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Wednesday, January 1, 2014 SOUTH LAKE PRESS A5 HWY 27/441 2 miles from Hwy 27 787-4440 $300OFFREMANUFACTURED CARTSCash or check. Must present ad on purchase. Limited Time Offer See store for details. 352-394-8228Ron Becker, Director $675 DEATH NOTICESBilly Forrest BrunsonBilly Forrest Brun son, 66, of Paisley, died Saturday, December 21, 2013. Beyers Funer al Home. Umatilla.Charles W. ConleyCharles W. Conley, 68, of Sorrento, died Wednesday, December 25, 2013. Harden/Pauli Funeral Home, Eustis.Wieka DykstraWieka Dykstra, 67 of Palmetto, died Thursday, December 19, 2013. Page-Theus Fu nerals & Cremations, Leesburg.Melanie HatcherMelanie Hatcher, 50, of Clermont, died Tuesday, December 17, 2013. Beyers Funeral Home and Crematory.Ronald Earl HutchinsRonald Earl Hutchins, 76, of Leesburg died Wednesday, December 18, 2013. Hamlin & Hil bish Funeral Directors.Dale Leroy KellamDale Leroy Kellam, 93, of Waco, Texas, died Thursday, December 19, 2013. Page-Theus Funerals & Cremations. Leesburg.Christina Lynne KitchensChristina Lynne Kitchens, 27, of Ocklawaha, died Thursday, November 21, 2013. Page-Theus Funerals & Cremations. Leesburg.Margaret Lillian LeavittMargaret Lilian Leavitt, 77, of Paisley, Died, December 18, 2013. Beyers Funeral Home, Umatilla.Louis J. MatteoLouis J. Matteo, 79, of Leesburg, died Sunday, December 22, 2013. National Cremation Society, Fruitland Park.Renard McCainRenard McCain King, 62, of Coleman died Tuesday, December 24, 2013. Beyers Funeral Home, Umatilla.Roger W. RobersonRoger W. Roberson. 74 of Wildwood, died Tuesday, December 17, 2013. Page-Theus Fu nerls & Cremations, Leesburg.Efrain RodriguezEfrain Rodriguez, 39, of Mount Dora, died Saturday, December 21, 2013. Hamlin & Hil bish Funeral Directors, Eustis.Daniel Shawn RobertsDaniel Shawn Roberts, 40, of DeLand, died Sunday, December 22, 2013. Beyers Fu neral Home, Umatilla.Thomas SandersThomas Buddy Sanders, 71, of Bushnell, died Thursday, December 26, 2013. Mar vin C. Zanders Funeral Home, Inc., Apopka.Edwin O. Sykes, Jr.Edwin O. Sykes, Jr., 66 of Bradenton, died Wednesday, December 18, 2013. Page-Theus Funerals & Cremations, Leesburg.James Stephen TurnerJames Stephen Turn er, 73, of Leesburg, died Friday, December 27, 2013. Beyers Funeral Home and Crematory, Leesburg.Robert Earl VanceRobert Earl Vance, 83, of Tavares, died Tuesday, December 24, 2013. National Cremation Society, Fruitland Park.IN MEMORY THERESA CAMPBELL | Staff Writertheresacampbell@dailycommercial.comJohna McCormick, 79, broke down in tears after be ing reunited this week with her beloved dog, Cuddles, who is now home recuperating from two surgeries after being severely beaten in a de liberate attack. The Dec. 16 beating on Cuddles was reported to the Marion County Sheriffs Ofce, and McCormick believes the attack on the small 6-pound dog, a Chinese crested powderpuff, may be linked to a string of neighborhood burglaries that have taken place in her Summer eld retirement community near The Villages. I was so afraid that I would lose her, said McCor mick, distraught that some one would deliberately harm Cuddles, leaving the dog with fractured ribs and bro ken legs sustained when the indoor pet was outside on a potty break. Sometimes it takes her 45 minutes to an hour to do her business; we never dreamed that somebody would jump the fence and hurt her, Mc Cormick said, noting her dog rarely barks. She has soft barks that are more like whimpers. When Cuddles was rst found unable to move, Mc Cormick feared her dog had suffered a stroke. Cuddles was rushed to Petsmart in Lady Lake, where the veterinary team told Mc Cormick that the cruel attack on her dog was no accident; it was deliberate. Cuddles needed extensive care and was referred to the University of Florida Small Animal Hospital in Gaines ville, where she was placed in the intensive care unit. They had her in obser vation for two days because she was so traumatized, and they had to do a lot on her because she was so bad, Mc Cormick said. The doctors were all so wonderful, all so good, ev ery one of them, McCormick said, noting some of the sur geons reduced the $10,000 medical bill on Cuddles down to $6,000. Its still a lot of money, said McCormick, who was approved for a partial loan, while some friends have do nated $270 to the cause. Monetary donations to cov er Cuddles medical bill may also be sent to University of Florida Small Animal Hospi tal in Gainesville in the dog and McCormicks name. We have no proof of who hurt her, but whoever did it, it was terrible what they did to her, just terrible, McCor mick said. Cuddles now wears a col lar to prevent her from gnawing at her recovering legs. McCormick cant wait for the day when she can cuddle Cuddles in her arms and take her beloved pet back out on walks just like old times. I had bought her a little jacket and wed go walking every morning and every night. She loved it and was so happy, McCormick said of the dog she rescued more than 12 weeks ago when Cuddles nearly got hit on Highway 42. She found Cuddles ap peared to have been thrown out and neglected. The dog didnt have any teeth and she learned from a veterinarian that Cuddles previously had a broken jaw. McCormick vowed to give Cuddles the proper attention she deserved. She was like my shadow, McCormick said of her be loved lap dog following her around. She would do ev erything that I told her. McCormick continues to work fulltime and does private duty care in The Villages, and she made arrangements to bring Cuddles with her on the job while her pet is recu perating. She hopes the perpetrator of the cruel act on Cuddles is arrested. There have been a lot of robberies and were all afraid, McCormick said of her neighbors. There are a lot of elderly people in the area. If someone is going to hurt a dog, can you imagine what they could do to one of us? Its terrible. McCormick said she will be forever grateful for the veter inary team at UF Small An imal Hospital, and she was thrilled to be able to bring Cuddles home for the holi days. She was scared, but once I petted her and talked to her, she quit shaking, said McCor mick. She was real sweet. PHOTOS BY BRETT LEBLANC / DAILY COMMERCIAL Johna McCormick, 79, holds her dog Cuddles, 7, in Summereld on Thursday. Cuddles suffered four breaks in three of her legs and several broken ribs during what McCormick believes was a deliberate attack.SUMMERFIELDSeverely beaten dog recovering Staff ReportLand behind Palm Plaza on U.S. 27 could be more easily developed with nancial incentives for the landowner that the city of Leesburg is asking the state to support. The city wants the Florida De partment of Environmental Pro tection to designate the Walling Crate Company behind the plaza as a Browneld Area for the pur poses of economic development, environmental remediation and rehabilitation. If given that status, the owner of the four-acre tract which has buildings dating back to 1922 would be eligible for cleanup tax credits, sales tax credits on building materials, a loan guaran tee program and clean-up liability protection from the state. The owner, Walling Crate Com pany Inc. and Walling Enterprises Inc., would additionally be eligible to receive fully deductible past and future clean-up costs from the fed eral government. The city would have no nancial involvement. The Walling Family made wooden and wire crates for citrus and vegetables in Weirsdale before moving the company to Leesburg nearly 100 years ago. The com panys steam whistle summoned workers in the morning and told them when to go home at night. Freezes hurt the citrus industry, business slowed and the switch to cardboard boxes led to the closure of the crate and pallet mill in 1986. Robert Walling ran it for years but state records list the companys ofcers now as Stuart and Bennett Walling. Walling Enterprises also owns Palm Plaza and all of the undevel oped land behind the shopping center not associated with the crate company, property records show. According to the state, the pri mary goals of the Browneld Rede velopment Act are to reduce public health and environmental hazards on existing commercial and in dustrial sites that are abandoned or underused due to these haz ards; create nancial and regulato ry incentives to encourage volun tary clean-up and redevelopment of sites; and derive clean-up target levels. The Wallings could not be reached for comment Thursday. Robert Sargent, spokesman for the city, is on vacation until the rst of the year.LEESBURGOfficials consider incentives for crate company cleanup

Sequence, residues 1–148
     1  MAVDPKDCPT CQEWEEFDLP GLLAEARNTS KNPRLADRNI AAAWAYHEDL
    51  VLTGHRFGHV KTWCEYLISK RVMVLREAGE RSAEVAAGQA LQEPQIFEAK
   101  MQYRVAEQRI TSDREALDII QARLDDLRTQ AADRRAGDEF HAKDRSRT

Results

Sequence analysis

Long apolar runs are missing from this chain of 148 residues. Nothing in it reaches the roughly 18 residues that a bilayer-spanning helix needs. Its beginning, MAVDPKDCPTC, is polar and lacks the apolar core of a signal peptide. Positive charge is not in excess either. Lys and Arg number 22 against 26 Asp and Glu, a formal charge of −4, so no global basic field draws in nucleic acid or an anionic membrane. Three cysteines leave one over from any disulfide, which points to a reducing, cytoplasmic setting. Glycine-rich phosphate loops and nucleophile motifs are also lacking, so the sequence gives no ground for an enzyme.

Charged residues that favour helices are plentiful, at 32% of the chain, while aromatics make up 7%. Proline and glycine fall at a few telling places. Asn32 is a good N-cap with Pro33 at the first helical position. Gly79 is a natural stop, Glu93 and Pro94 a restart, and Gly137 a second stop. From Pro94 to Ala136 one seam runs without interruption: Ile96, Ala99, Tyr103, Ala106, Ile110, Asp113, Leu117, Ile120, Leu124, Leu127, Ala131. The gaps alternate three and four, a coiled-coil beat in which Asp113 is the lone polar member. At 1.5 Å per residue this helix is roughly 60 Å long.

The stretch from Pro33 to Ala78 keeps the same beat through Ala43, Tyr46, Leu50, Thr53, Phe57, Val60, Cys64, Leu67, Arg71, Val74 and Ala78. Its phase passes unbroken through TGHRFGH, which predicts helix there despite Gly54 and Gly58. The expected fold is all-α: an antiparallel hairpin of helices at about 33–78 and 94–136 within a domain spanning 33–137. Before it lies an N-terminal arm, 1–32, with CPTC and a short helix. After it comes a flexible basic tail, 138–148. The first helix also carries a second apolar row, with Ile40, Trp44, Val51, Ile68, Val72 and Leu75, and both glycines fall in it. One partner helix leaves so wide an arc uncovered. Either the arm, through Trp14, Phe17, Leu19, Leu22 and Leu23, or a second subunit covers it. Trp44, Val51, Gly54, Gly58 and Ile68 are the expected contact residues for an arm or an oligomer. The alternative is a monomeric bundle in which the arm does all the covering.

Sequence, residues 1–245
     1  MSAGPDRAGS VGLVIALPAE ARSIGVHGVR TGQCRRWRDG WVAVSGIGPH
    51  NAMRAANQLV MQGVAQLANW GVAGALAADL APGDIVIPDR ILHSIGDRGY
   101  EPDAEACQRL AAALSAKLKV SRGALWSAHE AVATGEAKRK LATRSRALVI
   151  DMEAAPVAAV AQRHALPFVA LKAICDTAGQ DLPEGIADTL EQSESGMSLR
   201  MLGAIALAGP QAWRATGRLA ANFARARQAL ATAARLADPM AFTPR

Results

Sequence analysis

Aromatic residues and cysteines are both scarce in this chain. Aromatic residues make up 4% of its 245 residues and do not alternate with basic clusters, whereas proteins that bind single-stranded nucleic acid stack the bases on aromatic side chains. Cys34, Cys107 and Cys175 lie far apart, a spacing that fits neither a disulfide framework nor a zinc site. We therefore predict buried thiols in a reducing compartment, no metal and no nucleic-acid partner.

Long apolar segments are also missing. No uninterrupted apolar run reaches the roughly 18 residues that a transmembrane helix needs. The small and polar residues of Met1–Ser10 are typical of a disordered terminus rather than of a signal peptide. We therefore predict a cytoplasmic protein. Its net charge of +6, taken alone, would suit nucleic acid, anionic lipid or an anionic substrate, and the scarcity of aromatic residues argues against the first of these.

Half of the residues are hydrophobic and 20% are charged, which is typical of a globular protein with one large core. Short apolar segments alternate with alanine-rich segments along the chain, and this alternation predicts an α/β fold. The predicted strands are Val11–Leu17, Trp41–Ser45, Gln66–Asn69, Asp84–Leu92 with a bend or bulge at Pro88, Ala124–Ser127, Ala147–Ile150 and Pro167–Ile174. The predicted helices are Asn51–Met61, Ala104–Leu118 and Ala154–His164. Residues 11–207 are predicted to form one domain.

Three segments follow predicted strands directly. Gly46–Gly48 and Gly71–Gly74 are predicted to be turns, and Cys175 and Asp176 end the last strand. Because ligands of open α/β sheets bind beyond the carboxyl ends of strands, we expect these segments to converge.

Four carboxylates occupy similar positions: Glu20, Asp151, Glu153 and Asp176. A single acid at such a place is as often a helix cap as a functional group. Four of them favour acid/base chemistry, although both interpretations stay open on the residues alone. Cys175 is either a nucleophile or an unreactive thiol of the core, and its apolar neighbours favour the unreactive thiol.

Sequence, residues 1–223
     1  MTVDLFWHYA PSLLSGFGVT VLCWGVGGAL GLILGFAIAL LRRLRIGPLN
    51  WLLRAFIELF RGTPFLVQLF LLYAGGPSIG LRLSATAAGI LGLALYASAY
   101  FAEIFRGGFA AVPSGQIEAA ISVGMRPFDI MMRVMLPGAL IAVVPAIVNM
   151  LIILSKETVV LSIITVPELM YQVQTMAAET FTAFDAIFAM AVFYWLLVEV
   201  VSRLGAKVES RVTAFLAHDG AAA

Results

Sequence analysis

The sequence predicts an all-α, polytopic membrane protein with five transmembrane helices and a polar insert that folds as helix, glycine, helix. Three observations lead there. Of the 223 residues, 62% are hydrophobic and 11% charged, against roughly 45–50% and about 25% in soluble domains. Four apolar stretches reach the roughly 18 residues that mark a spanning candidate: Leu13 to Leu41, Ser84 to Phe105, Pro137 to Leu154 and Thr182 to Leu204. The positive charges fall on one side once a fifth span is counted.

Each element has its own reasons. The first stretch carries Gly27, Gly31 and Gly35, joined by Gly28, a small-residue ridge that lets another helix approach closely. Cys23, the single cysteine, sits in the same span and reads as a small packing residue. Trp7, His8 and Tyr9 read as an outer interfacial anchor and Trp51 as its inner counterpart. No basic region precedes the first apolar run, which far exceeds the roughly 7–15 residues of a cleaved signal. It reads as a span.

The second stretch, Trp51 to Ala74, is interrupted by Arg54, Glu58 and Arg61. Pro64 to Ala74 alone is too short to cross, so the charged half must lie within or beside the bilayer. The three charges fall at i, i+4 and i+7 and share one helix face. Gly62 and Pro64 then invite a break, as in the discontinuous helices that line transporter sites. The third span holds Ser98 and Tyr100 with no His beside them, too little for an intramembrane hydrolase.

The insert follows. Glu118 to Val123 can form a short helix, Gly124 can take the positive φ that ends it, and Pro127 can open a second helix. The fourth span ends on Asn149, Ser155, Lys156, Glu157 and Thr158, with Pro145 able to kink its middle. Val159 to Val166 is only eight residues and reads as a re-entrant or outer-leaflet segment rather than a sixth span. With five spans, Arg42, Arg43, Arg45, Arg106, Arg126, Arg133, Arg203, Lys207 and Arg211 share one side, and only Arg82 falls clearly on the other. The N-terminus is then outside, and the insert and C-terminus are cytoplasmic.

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A6 SOUTH LAKE PRESS Wednesday, January 1, 2014 Get OutGo!& ATTENTION RESIDENTS OF THE CITY OF GROVELANDThe City of Groveland has been awarded Community Development Block Grant (CDBG) funding to provide Housing Rehabilitation assistance for a minimum of nine (9) singlefamily housing units throughout the City. The City of Groveland is currently accepting applications from residents of the City that are interested in participating in the Citys CDBG program. If you are interested in obtaining an application, the City has made the application available upon request by contacting Shannon Ferrell at (352) 429-2141 x233, City of Groveland, 156 S. Lake Avenue, Groveland, Fl 34736 or the office of Jordan & Associates at (904) 264-6203. Upon completion, the application must be submitted to Shannon Ferrell, City of Groveland, 156 S. Lake Avenue, Groveland, FL 34736 All applications are due by 5:00 pm, on January 13, 2014. Residents interested in obtaining additional information regarding the Citys CDBG Housing Rehabilitation program or requiring assistance with the Homeowner Application are encouraged to attend the Homeowner Application Workshop on January 9, 2014. The Homeowner Application Workshop will be held at the E.L. Puryear Building, 243 South Lake Avenue, Groveland, FL 34736 The Citys Homeowner Application Workshop will include a general presentation on the CDBG Housing Rehabilitation program and the Homeowner Application, followed by individual sessions with residents requiring assistance with the Homeowner Application. The Homeowner Application Workshop will be conducted on January 9, 2014, from 2:30 pm 5:00 pm. The City of Groveland is an Equal Opportunity Employer/Handicapped Accessible/Fair Housing Jurisdiction.235434 January 1, 2014 Staff reportStu dents at Montverde Acade my recently collected 540 jars of peanut butter and jelly enough to create 2,070 sandwiches to feed hungry kids on Christmas vacation from their schools. Students in the academys mid dle-school National Junior Honor Society conducted their Pea nut Butter and Jelly Drive between Dec. 3 and Dec. 11, according to sixth-grade teacher Sara Parets. We collected enough (peanut butter and jelly) to feed children for more than 450 weekends, she said in a press release. We are very proud of the NJHS and the middle school student body. The NJHS will partner with Buses n Backpacks again in the spring to help prepare for spring break. Buses n Backpacks is a community outreach program spon sored by non-prot religious or ganization Church at South Lake Community Ministries, located in Clermont. The groups Buses n Backpacks charity programs act in partnership with 16 local schools. Last school year, more than 60,000 meals were provided and of cials hope to double that amount this year by serving more schools and students Many are homeless in our area, Parets said. Every week, the organization gathers up supplies and volunteers and packs plain, un marked backpacks wit h nutritious food for the weekend. Students are given the full backpacks discreet ly on Friday and return them emp ty today. During extended breaks, like the upcoming Winter break, the organization strives to send them home with enough food to cover at least one meal a day.MONTVERDEStudents stick to the task CINDY DIAN / SPECIAL TO THE DAILY COMMERCIAL Delias Boutique owner Diane Salutare has been in retail since she was 16. RICK REED Special to The CommercialMonday is Make An Offer Day at Delias Boutique in downtown Leesburg. Its just one of the many gimmicks proprietor Diane Salutare employs to attract cus tomers to her shop, which is as eclectic as her promotions. How does it work? If something costs $25 the customer may say how about $20, explained Salutare. I say yes or no. She either accepts the offer, or she doesnt. On Tuesdays, if you buy two you get half off on one. And Wednesday its buy one and get one item of equal value. And every day is 10 percent off for seniors. Its something every day, she said. But she complained that on her last Monday nobody dickered on the price. Nobody made an offer. Delias Boutique of fers clothing, gifts and jewelry. Its an eclectic mix of clothes from 3 small to 3XXX. Delias has ready to wear evening wear and country wear. And, unlike most clothing shops in downtown Leesburg, the merchandise is new, not used or consigned. Most stores downtown are resale; Im retail, Salutare said. Im getting my own people who dont want used clothing. Salutare knows the business. Ive been in retail since I was 16, she said. Now Im 55 and this is my ninth store. Originally Im from New York. I was al ways fashion and went to the Fashion Institute of Technology in New York City. I took art illustration and de sign. I wanted to sketch clothes. She worked at Saks Fifth Avenue and moved to Florida in 1990. Her rst store was in Ft. Lauderdale, then DeLand, across from Stetson University. She moved to Califor nia for 10 year and in 2005 returned to Flor ida, and opened stores in Winter Springs and then Sanford. After selling the store in Sanford she found herself in Leesburg one day. I stumbled along Main Street and found a store I rented for three months, Salutare said. I found Leesburg to be very warm and re ceived a welcome re ception. After three months, she moved into her present location at 200 W. Main St., across the street from the old Tropic Theatre. That was three years ago. Her long journey to Leesburg has inuenced how she buys merchan dise from her shop. I dont go to market, after having all these stores and being in busi ness so long I just pick up the phone, Salutare said. Ill tell them my cap is $200 this week. She never knows what shell get. But she gets it at a good price. It could be a bath ing suit in winter and a blanket in the sum mer, she said. You never know what you will nd. But if you need a costume, for sure come here. Salutare said she has a background with movie people and a lit tle room in the back that has costumes in it. Another thing she offers is good customer service. I know when I go somewhere that I like to get help, she said. I like to help. I pride myself on customer service. For instance, she offers layaway. Im doing what other stores dont do, she said. Delias Boutique is open Monday through Saturday from 10 / a.m. until 5 / p.m. and Sun day by appointment. I have something for everyone, she said. But Im catering more to seniors. Salutare likes being in Leesburg and is in volved in her community, offering things gift certicates for charity events. Delias Boutique is at 200 W. Main St. For in formation, call 352321-0628.Leesburg boutique makes shopping fun